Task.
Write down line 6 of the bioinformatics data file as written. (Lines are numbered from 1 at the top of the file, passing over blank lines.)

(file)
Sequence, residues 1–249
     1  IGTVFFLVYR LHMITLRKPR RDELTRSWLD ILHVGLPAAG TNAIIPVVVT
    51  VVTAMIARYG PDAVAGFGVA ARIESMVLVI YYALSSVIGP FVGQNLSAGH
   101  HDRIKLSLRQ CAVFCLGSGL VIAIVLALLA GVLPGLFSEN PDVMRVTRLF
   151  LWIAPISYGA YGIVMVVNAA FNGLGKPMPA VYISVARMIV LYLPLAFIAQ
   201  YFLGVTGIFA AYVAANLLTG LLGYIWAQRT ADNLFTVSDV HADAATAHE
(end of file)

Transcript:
   201  YFLGVTGIFA AYVAANLLTG LLGYIWAQRT ADNLFTVSDV HADAATAHE